Member Trip Report



Camino de Santiago Pilgrimage within Spain

October 1 to 14, 2008

Author: Yvonne Keller

Trip Leaders: Dick and Judy Opsahl

Participants: Marilyn Yeamans, Sara Maxwell (Marilyn's daughter), Karen Grace, Joy Green, and Chick & Yvonne Keller, and Dick & Judy Opsahl.

We have been back from Spain for almost 3 weeks now and yet we are still under the spell of the Camino.  On October 1, 2008 eight of us began walking the Camino to Santiago de Compostella from the small city of Ponferrada in northwestern Spain.  We carried lightweight backpacks with a change of clothing, a pair of sandals, a sleeping bag, rain gear, water bottle, a little food, our pilgrim passports and our journals.  We walked 10 or 11 kilometers on our shortest day and about 30 on the longest.  Everyone seemed to fall right into the daily routine of the 'peregrino', the pilgrim--up at 6:00 a.m. to dress in the dark, stuff the sleeping bag, pack up, and then to the kitchen of the albergue, the pilgrim hostel, to have a little breakfast.  Then out the door by 7:30 or 7:45 to start walking in the dark.

A wooded section passing through farmland midway in Galicia.

We walked through countryside full of vineyards on our first day.  The grapes were ripe and pickers offered us bunches of delicious purple grapes as well as green grapes.  On other days we snacked on small sweet blackberries growing along the path.  We walked through shady oak woods and chestnut groves, by cornfields and tree farms, through green hills with grazing cows, across creeks, and through tiny villages of stone houses with slate roofs.  It was a pleasure to go through the countryside and villages on foot rather than by car, bus or train.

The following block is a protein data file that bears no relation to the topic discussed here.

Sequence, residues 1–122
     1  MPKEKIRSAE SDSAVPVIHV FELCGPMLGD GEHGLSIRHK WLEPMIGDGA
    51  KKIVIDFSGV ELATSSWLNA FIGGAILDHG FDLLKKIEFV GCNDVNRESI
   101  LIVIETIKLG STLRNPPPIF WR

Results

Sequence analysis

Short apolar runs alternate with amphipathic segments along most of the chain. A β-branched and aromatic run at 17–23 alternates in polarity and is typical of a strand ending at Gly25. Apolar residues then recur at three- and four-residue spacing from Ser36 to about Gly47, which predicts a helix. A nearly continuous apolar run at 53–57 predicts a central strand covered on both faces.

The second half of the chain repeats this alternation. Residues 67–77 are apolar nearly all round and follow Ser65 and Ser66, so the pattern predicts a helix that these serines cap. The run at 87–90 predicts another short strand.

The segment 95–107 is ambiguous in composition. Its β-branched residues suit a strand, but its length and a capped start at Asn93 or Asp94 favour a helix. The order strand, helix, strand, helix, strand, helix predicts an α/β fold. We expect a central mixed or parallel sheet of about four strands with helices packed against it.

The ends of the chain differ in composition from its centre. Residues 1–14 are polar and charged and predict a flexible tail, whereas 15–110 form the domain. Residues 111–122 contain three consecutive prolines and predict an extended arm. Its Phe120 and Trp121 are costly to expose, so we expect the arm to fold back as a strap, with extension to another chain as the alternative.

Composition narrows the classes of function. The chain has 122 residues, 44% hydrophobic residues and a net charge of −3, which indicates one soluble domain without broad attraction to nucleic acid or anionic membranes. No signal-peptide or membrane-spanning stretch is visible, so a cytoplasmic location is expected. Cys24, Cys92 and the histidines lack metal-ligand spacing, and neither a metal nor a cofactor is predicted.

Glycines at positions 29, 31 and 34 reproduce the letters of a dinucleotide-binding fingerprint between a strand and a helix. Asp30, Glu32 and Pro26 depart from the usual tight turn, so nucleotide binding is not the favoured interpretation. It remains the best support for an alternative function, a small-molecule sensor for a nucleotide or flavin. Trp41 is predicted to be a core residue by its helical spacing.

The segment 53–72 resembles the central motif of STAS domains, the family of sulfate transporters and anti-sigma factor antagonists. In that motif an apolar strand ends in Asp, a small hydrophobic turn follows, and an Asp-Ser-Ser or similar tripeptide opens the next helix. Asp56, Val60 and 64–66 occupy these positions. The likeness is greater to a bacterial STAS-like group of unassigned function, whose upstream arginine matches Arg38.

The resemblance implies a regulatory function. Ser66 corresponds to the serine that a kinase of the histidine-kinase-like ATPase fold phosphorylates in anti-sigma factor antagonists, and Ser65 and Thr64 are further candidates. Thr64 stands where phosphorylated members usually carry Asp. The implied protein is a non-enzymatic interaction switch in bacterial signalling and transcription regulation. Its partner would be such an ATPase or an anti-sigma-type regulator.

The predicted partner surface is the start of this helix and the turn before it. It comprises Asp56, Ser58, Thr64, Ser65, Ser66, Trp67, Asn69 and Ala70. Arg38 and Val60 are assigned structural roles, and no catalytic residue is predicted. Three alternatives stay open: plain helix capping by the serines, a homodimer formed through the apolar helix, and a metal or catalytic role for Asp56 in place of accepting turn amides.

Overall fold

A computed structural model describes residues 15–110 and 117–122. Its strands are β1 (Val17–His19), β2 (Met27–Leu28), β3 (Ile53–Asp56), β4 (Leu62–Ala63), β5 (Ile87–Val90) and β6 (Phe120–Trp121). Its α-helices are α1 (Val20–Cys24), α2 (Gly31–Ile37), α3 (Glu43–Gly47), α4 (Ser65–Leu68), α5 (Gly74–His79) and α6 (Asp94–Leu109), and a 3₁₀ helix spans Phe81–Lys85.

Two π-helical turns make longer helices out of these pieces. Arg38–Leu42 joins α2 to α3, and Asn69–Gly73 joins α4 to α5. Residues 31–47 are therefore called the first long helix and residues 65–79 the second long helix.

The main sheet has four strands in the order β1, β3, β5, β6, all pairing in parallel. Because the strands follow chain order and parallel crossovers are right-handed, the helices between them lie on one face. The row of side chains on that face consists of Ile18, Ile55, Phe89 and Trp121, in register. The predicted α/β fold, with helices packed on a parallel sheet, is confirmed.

Trail marker along the route. For the last 100 kilometers
 to Santiago, there is a marker every 1/2 k.

Along the way and in the cafés of the villages and towns and in the albergues we met other pilgrims.  The Camino is a veritable United Nations afoot.  We met pilgrims from Italy, Germany, Ireland, France, South Africa, England, Korea, New Zealand, Australia, Brazil, Argentina, Canada.  Everyone knew at least two words of Spanish--"Buen camino" (have a good walk).  And we all seemed to be able to communicate with each other no matter what our native language.  And we all had something in common of course--walking the Camino--and all which that requires--nursing blisters, washing your change of clothes, finding a little 'mercado' (market) to buy some bread and cheese for lunch.  The camaraderie among the pilgrims was a highlight.  Still, although we slept in bunk beds in dormitory-style rooms in most of the albergues and bathrooms and showers were sometimes co-ed, I was impressed by how, even in a crowded and confined space, people could somehow give each other a sense of privacy.

Here we are at Finnisterre, the "end of the earth",
after the completion of our pilgrimage.

The medieval pilgrim's goal in walking the Camino was to reach the Cathedral of Santiago de Compostela and earn indulgences.  Even today some pilgrims do it for religious or spiritual reasons. Others are after the physical challenge of walking daily for weeks or to enjoy the opportunity of meeting people from many countries.  Some may want to have the different touristic experience of northern Spain and southwestern France.  And some may want to experience a part of medieval European history, or might want to visit the small Romanesque churches and the Gothic cathedrals on foot as medieval pilgrims did.  It was interesting that people did not generally bring up the subject of why they had decided to walk the Camino and did not ask others why they were doing it.  This seemed to fit in with the respect for each other's privacy that pilgrims seem to have.

Whatever the reasons the eight of us who went to Santiago might have had for doing it, we all came home glad that we went.

Pilgrim passports on display.

We got the Pilgrim passports stamped and dated at each hostel or church along the way.  We all had these to show to the office of the catholic church at the end as proof that we had earned our completion document called a "compostella".

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